Planning ahead

French inheritance finances are notoriously complicated. But with careful planning both French and UK inheritance tax savings can be made, says Bill Blevins

Britons who move to France should think about when and where they may eventually die, and preferably take action before they leave the UK if they want to make inheritance tax savings. Britain and France have a special tax treaty on inheritance and it is worth familiarising yourself with the issues in advance.

It is possible, although you may not have any plans for it now, that you will at some stage return to the UK. Many people do, not because they are disillusioned with the lifestyle that France offers, but because of unforeseen circumstances such as failing health or a need to be with loved ones. If this turns out to be the case, it is important to make the necessary tax planning arrangements early to protect your spouse and heirs from needless tax liabilities.

Your estate is liable to French succession tax on your worldwide assets if you are domiciled in France at the date of death. Under the UK/France treaty, you are likely to be regarded as domiciled in France and not the UK if you are resident in France at the date of death.

If you are a UK resident and domicile at the date of death, then only your real estate in France is liable to French succession tax. UK inheritance tax would, however, be payable on your worldwide assets (including the French real estate), and the French tax would be credited against the UK tax payable.

Under the UK/France inheritance tax treaty, inheritances (not lifetime gifts) from a UK domicile passing to a French resident are not liable to succession tax in France, unless the asset inherited is a French asset.

The treaty aims to avoid double taxation of your estate where you are domiciled in either the UK or France at the time of death.

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French succession tax – key issuesFrench succession tax is a tax on gifts and inheritances and is paid by the beneficiary. There is no tax on inheritances between husband and wife or PACS (pacte civil de solidarit�) partners although there is tax on lifetime gifts between spouses and PACS partners above an allowance of €79,533/�67,647 in 2010.

The tax exemption on inheritances also applies to siblings who are single, widowed, divorced or separated providing at the date of the deceased’s death they are aged more than 50, or so disabled they cannot work, and they were living with the deceased during the five years preceding the death. The allowance on gifts for these beneficiaries is €79,533/�67,647 in 2010.

There is a tax-free allowance of €156,974/�133,515 for each child and each parent and other lower exemptions depending on the relationship with the deceased. For more remote relatives and unrelated beneficiaries, which includes unmarried couples not in a PACS agreement, the allowance is a mere €1,570/�1,335 and on inheritances only. Succession tax rates vary from 5% to 60%, although between close family the top rate is 40%. Unmarried couples (or unrelated family members) will pay a flat rate of 60%.

There is a 20% discount on the deceased’s main home if it is also the main home of the beneficiary.

An inheritance or gift is also taxable if the recipient is resident in France and has been so resident for at least six of the 10 tax years prior to the year in which the inheritance or gift is received. This does not apply to inheritances from a UK domicile to a French resident recipient under the inheritance tax treaty between the UK and France. An inheritance or gift from one non-resident to another non-resident is taxable if it is a French asset.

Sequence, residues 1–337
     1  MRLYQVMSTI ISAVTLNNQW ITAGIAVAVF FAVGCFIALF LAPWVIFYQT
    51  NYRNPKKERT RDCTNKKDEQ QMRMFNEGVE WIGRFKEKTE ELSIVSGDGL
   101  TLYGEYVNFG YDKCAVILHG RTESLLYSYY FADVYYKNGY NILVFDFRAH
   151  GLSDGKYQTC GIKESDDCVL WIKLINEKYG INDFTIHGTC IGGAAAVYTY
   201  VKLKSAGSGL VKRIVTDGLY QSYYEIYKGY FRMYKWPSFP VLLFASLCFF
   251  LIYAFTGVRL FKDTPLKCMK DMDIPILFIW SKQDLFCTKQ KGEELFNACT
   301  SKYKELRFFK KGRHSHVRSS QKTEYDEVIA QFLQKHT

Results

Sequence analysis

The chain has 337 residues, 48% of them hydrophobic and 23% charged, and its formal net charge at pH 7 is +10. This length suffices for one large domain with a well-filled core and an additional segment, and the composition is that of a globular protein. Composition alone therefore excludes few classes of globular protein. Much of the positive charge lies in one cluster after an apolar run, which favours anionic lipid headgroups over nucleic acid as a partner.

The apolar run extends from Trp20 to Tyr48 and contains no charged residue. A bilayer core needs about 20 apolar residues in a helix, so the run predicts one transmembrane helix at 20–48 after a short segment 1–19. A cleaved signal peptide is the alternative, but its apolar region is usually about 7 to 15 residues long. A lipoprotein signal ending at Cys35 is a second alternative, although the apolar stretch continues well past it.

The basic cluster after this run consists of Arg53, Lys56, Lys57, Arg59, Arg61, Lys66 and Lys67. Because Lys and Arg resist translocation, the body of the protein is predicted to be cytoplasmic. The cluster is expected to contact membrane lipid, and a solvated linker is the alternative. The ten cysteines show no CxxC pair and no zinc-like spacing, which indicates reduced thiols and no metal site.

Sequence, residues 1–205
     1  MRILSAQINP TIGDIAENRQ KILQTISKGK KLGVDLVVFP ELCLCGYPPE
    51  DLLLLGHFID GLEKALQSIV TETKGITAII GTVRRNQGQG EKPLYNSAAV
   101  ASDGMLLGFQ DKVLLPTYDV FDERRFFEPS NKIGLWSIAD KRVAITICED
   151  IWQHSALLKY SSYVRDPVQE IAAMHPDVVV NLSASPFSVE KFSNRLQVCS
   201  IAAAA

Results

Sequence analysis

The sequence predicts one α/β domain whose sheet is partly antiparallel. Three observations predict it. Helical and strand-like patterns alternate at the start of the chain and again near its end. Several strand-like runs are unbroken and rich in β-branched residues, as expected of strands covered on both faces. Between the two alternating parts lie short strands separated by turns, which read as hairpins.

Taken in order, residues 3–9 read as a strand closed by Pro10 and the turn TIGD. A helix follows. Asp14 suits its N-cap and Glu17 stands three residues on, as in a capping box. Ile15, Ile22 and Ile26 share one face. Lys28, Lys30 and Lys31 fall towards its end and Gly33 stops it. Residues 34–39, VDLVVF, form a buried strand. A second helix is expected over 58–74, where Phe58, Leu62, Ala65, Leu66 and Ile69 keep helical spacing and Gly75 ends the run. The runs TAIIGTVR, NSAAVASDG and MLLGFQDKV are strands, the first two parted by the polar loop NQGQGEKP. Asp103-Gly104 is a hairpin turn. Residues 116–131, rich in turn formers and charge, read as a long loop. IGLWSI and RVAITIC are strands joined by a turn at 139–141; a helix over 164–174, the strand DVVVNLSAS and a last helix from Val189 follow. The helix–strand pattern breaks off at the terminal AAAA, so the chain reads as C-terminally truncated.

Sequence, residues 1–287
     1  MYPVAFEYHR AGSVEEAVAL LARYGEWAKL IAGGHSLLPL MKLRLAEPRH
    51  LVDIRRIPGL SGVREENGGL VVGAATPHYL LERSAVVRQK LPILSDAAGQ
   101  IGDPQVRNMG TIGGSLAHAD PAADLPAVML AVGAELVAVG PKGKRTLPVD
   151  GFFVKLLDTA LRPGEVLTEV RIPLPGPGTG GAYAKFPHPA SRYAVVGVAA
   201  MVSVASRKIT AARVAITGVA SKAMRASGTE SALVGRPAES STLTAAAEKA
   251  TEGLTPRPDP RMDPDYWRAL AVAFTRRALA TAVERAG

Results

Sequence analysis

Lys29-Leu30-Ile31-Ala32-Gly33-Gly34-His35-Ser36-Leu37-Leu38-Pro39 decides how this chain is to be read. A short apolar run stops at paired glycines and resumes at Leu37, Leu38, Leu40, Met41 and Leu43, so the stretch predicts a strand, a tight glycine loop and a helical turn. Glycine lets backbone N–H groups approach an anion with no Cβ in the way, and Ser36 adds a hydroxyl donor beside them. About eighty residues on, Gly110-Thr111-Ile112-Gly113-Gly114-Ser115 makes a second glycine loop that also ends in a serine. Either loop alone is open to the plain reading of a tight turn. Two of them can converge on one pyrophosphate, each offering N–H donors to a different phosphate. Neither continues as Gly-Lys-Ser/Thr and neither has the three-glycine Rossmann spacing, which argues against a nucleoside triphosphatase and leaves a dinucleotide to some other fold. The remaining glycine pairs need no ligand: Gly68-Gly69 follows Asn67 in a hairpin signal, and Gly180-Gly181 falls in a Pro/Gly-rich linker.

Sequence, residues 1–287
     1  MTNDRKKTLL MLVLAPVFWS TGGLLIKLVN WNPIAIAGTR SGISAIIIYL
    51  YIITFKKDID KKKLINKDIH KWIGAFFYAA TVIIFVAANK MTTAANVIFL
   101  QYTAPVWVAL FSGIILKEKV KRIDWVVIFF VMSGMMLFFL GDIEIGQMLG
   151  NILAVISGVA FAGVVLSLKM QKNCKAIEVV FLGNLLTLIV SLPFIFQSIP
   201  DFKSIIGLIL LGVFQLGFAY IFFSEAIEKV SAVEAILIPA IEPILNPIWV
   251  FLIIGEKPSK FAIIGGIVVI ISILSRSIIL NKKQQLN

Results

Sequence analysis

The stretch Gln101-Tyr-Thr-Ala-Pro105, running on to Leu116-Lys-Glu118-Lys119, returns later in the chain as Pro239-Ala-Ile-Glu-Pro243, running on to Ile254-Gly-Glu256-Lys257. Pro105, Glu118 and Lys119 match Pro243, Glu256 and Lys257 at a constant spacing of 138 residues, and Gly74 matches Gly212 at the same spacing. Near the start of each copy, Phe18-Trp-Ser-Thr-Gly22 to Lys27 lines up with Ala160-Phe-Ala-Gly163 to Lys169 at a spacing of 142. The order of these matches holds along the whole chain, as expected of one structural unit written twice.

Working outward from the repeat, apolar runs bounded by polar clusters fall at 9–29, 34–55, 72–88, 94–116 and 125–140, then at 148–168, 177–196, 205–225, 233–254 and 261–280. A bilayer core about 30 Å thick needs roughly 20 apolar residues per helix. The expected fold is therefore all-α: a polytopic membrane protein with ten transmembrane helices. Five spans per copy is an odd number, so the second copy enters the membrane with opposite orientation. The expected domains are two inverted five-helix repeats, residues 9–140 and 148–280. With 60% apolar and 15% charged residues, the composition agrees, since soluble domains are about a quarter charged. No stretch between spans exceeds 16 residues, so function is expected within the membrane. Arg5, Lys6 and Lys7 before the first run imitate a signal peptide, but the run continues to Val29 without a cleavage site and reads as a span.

Allowances on lifetime gifts renew every six years. So gifts up to these allowances can be made every six years tax free. French gifts tax automatically applies to gifts that are required to be made by deed or with judicial recognition. A lifetime gift by manual transfer such as cash does not necessarily have to be registered with the tax authorities. However, if not registered at the time the gift is made, such gifts are taken into account when inheritance tax is computed and it may be better for the recipient to declare the gift when it is made, depending on the circumstances.

If a French resident over the age of 75 with a UK pension fund dies within five years of becoming non-UK resident, and the fund is paid out as a lump sum to a non-spouse, UK tax charges can arise on death of between 40% and 70%. Under the inheritance tax treaty, as the fund is a UK asset, UK inheritance tax is payable. Where the fund is also subject to French succession tax, a tax credit is available in France for the UK taxes paid. Credit is only available in France in relation to the UK inheritance tax paid.

There is a specific exemption in French legislation where a purchased annuity reverts to a direct line recipient. Where the income is treated as a purchased annuity in France, and the annuity continues to be taken by a child or grandchild, it is exempt from French succession tax.

There are ways to reduce your French and UK inheritance tax liabilities whether you stay in France or return to the UK, but you need to take professional advice suited to your specific circumstances and long-term plans. For instance, an international scheme known as QNUPS (qualifying non-UK pension scheme) can free your assets from UK inheritance tax whether you are a UK domicile or expatriate in France.

Consult a tax and wealth management specialist with knowledge of the French and UK systems in order to preserve your estate for you and your family. LF

ContactBill Blevins is managing director of Blevins Franks International and advises retired expats www.blevinsfranks.comThe level and bases of, and reliefs from taxation may change. Any statements based on taxation are based upon current taxation laws and practices which are subject to change.Living France March 2011